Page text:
FILE - Irina Medvinskaya poses on the porch of her 20th floor apartment in Coney Island, in this June 20, 2013 file photo taken in New York. Stranded in her darkened 20th-floor apartment in Brooklyn’s Coney Island with two small children, Irina Medvinskaya was feeling desperate in the bleak days after the storm. The elevators stopped working. The food in her refrigerator spoiled. Without the help of friends and family _ particularly her boyfriend, who lugged full water-cooler bottles up the stairs _ she doesn't know how she would have survived. “People who can bring you food and water, and walk up 20 floors?” she said. “That’s family, not FEMA.” (AP Photo/Kathy Willens)
NEW YORK — A silver lining frames the cloud of destruction left by Superstorm Sandy. In their hour of greatest need, families and communities — not the government — were the most helpful sources of assistance and support.A poll conducted by The Associated Press-NORC Center for Public Affairs Research found that after the storm in New York and New Jersey, friends, relatives and neighbors were cited the most often as the people who helped them make it through.
People overwhelmingly said the Oct. 29 storm brought out the best in their neighbors, who shared generators, food, water and other supplies. Far fewer said they found help from federal or state governments.
Stranded in her darkened 20th-floor apartment in Brooklyn’s Coney Island with two small children, Irina Medvinskaya was feeling desperate in the bleak days after the storm. The elevators stopped working. The food in her refrigerator spoiled.
Without the help of friends and family — particularly her boyfriend, who lugged full water-cooler bottles up the stairs — she doesn’t know how she would have survived.
“People who can bring you food and water, and walk up 20 floors?” she said. “That’s family, not FEMA.”
The nationwide survey of 2,025 individuals, including 1,007 residents of 16 hard-hit counties in New York and New Jersey, assessed the recovery and resilience of affected communities about six months after the storm hit, killing dozens of people and causing tens of billions of dollars in damage.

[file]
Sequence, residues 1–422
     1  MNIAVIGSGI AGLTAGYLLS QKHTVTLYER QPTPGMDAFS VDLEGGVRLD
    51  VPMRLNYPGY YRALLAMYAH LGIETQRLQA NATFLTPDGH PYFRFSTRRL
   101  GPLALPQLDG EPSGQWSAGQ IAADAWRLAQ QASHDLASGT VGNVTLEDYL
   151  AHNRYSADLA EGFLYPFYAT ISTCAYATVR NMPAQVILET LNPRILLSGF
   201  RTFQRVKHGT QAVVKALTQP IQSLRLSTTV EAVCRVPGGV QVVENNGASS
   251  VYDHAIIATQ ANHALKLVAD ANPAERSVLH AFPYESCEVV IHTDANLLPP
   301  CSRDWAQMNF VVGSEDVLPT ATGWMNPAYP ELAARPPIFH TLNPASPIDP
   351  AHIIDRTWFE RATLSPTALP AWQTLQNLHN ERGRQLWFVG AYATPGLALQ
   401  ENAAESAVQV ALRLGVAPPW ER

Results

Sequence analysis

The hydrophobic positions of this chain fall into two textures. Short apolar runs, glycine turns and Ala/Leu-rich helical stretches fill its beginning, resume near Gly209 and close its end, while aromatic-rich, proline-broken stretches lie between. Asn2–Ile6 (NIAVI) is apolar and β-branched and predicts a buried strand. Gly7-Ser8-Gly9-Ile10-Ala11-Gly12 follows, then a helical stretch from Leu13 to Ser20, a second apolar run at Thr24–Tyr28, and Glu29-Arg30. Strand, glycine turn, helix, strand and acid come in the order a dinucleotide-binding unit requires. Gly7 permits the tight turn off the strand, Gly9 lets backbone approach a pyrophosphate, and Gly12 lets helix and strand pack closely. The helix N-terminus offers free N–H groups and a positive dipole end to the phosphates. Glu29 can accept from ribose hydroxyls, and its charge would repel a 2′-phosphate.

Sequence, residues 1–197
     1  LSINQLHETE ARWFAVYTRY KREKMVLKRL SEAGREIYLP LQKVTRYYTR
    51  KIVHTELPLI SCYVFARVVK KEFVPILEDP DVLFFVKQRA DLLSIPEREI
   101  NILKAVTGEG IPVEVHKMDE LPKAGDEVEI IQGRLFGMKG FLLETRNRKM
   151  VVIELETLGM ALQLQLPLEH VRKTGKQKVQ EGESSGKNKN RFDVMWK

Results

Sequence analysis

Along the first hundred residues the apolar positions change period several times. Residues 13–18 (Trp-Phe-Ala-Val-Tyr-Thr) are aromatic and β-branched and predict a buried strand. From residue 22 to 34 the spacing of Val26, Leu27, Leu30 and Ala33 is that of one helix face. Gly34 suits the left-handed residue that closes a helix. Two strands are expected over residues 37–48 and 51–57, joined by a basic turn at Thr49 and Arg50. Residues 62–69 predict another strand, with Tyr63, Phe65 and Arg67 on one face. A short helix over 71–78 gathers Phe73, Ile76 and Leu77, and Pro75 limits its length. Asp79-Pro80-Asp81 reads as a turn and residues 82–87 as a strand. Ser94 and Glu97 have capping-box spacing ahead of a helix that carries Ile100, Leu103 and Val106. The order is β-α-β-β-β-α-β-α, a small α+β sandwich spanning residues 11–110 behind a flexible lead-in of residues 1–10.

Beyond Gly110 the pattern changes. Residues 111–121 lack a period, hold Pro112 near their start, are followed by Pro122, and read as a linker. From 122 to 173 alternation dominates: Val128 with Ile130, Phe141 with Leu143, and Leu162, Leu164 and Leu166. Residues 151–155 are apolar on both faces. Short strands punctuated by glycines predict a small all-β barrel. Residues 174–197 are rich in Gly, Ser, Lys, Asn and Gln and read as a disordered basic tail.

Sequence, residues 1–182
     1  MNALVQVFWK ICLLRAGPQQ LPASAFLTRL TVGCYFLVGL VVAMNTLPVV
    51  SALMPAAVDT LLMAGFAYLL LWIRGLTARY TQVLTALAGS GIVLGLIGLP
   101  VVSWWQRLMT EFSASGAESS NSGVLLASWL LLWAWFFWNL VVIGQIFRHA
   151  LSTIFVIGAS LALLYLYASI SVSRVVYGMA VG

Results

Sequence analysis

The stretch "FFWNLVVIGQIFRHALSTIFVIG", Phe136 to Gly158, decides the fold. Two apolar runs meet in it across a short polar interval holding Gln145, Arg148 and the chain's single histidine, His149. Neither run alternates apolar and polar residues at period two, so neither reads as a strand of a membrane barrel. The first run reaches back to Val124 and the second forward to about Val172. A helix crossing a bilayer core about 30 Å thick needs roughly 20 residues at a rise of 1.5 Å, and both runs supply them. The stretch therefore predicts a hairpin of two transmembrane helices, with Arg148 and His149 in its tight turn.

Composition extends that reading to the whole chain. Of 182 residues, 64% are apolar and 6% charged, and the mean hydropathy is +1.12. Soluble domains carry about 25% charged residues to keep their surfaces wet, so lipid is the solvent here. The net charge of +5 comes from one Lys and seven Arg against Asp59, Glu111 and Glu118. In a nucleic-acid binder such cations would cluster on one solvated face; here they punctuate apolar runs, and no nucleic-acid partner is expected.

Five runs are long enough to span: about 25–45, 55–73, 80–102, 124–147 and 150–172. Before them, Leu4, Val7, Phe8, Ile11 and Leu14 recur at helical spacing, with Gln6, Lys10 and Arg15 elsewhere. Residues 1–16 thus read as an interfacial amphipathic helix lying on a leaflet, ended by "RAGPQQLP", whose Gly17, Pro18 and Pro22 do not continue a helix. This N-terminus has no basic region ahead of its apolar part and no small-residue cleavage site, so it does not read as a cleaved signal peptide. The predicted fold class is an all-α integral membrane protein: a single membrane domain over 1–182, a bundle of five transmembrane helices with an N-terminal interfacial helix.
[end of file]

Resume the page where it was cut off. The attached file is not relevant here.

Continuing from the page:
About 3 in 10 in the affected areas said they reached out to friends, family or neighbors for help. Sixty-three percent of those in the affected areas who turned to friends, family or neighbors within a mile of their homes, and 60 percent who sought help from first responders, said they helped quite a bit or a great deal.
Far fewer turned to the state and federal government. Sixteen percent said they contacted the federal government and 7 percent said they contacted their state government in the wake of the storm. Only 19 percent who sought help from the federal government said they were helpful; twice as many said FEMA was no help at all.
Roughly one-fifth, about 19 percent, said they reached out to their insurance company for assistance, about half of those said insurance companies were helpful.
Seventy-seven percent reported that the storm brought out the best among their neighbors, while just 7 percent said it brought out the worst.
The data showed that neighborhoods lacking in social cohesion and trust generally had a more difficult time recovering, a finding that’s consistent with other research on resiliency. People in slowly recovering neighborhoods reported greater levels of hoarding of food and water, looting, stealing, and vandalism, compared with neighborhoods that recovered more quickly.
How did neighbors help each other? About 52 percent said they shared food or water, 49 percent shared generators or access to power, and 48 percent took in neighbors with damaged homes or without utilities.
In neighborhoods hit hardest by the storm, sharing of resources was even more common, with 67 percent saying their neighbors shared food or water, 63 percent taking in neighbors, and 59 percent sharing access to power.
FEMA declined to comment on the poll. But several residents surveyed confidentially opened up in subsequent interviews with the AP.